۱۱ اسفند ۱۳۹۹ | Mar 1, 2021
Birmingham mosques urge Muslims to join NHS plasma appeal to help Covid patients

They are asking people who have recovered from Covid-19 to donate blood plasma because it contains antibodies that can be used to treat others who develop the disease.

Hawzah News Agency - (Birmingham - UK) - Birmingham mosques are urging members of the Muslim community to sign up to a new NHS campaign to help save the lives of coronavirus patients.

They are asking people who have recovered from Covid-19 to donate blood plasma because it contains antibodies that can be used to treat others who develop the disease.

The NHS has launched the appeal as it prepares for the possibility of a second wave of coronavirus.

Around 17 mosques in Birmingham have signed up to a 'joint statement' to promote the campaign to their congregation via social media, videos and announcements at Friday prayers.

Mosques that are part of the city initiative include Green Lane Masjid and Community Centre (GLMCC) in Small Heath, Birmingham Central Mosque in Highgate and Masjid Al Falaah in Aston.

Muslims across the city will be asked to take part in the NHS Mosques Plasma Drive, which is running from September 4 to 18.

In a statement, the mosques said: "The NHS are in urgent need of blood plasma from the Birmingham BAME community. They would like masjids and Islamic leaders to get behind the campaign.

"Throughout the ongoing pandemic, mosques in Birmingham have played their part, from helping deliver emergency support to the most vulnerable through to enforcing social distancing and taking the unprecedented decision to voluntarily close places of worship.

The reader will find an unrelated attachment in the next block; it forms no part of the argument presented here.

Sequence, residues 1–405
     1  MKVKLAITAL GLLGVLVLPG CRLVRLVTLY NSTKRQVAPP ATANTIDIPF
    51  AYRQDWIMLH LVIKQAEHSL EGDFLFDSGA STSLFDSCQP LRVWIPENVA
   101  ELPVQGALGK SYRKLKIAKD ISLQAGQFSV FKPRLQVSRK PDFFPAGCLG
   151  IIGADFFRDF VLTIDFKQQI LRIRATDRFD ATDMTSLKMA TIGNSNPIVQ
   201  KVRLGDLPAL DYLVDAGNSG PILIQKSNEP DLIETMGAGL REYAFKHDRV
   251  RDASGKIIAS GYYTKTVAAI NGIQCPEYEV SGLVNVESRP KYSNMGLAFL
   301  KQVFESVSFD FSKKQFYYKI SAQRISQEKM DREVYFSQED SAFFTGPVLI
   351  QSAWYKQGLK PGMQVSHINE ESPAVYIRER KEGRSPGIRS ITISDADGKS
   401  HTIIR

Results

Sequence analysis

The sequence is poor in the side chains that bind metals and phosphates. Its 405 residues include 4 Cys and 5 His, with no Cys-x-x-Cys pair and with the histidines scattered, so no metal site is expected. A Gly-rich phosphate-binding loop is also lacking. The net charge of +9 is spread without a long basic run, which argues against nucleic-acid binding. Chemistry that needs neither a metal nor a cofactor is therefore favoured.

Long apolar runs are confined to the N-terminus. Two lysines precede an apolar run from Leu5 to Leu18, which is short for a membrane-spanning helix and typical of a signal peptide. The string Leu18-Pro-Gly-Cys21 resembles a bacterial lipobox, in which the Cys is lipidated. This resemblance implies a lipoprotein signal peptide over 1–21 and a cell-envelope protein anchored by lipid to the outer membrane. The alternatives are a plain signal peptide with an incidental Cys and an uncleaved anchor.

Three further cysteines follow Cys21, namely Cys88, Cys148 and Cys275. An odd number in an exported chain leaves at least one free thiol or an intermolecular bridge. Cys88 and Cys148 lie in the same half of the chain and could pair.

"However, we are again needed to help create awareness about a convalescent plasma drive being led by NHS Blood and Transplant.

"Convalescent plasma is part of the blood that is rich with antibodies. Plasma from patients that have recovered from Covid-19 has been used in trials to treat other Covid-19 patients and has shown promising results.

"Ahmed Bhayat from Handsworth in Birmingham was one of the first recipients on the trial and said that the use of plasma has probably helped to save his life.

"As a group of mosques, it is important that we raise awareness of this potentially lifesaving treatment.

"The NHS has also stated that the Asian community are more likely to have antibody rich plasma that could save the lives of people with coronavirus.

"We know that saving lives is a central component of our faith, in fact the Qur’an states (5:32): Whoever saves a life – it is as if he had saved humanity."

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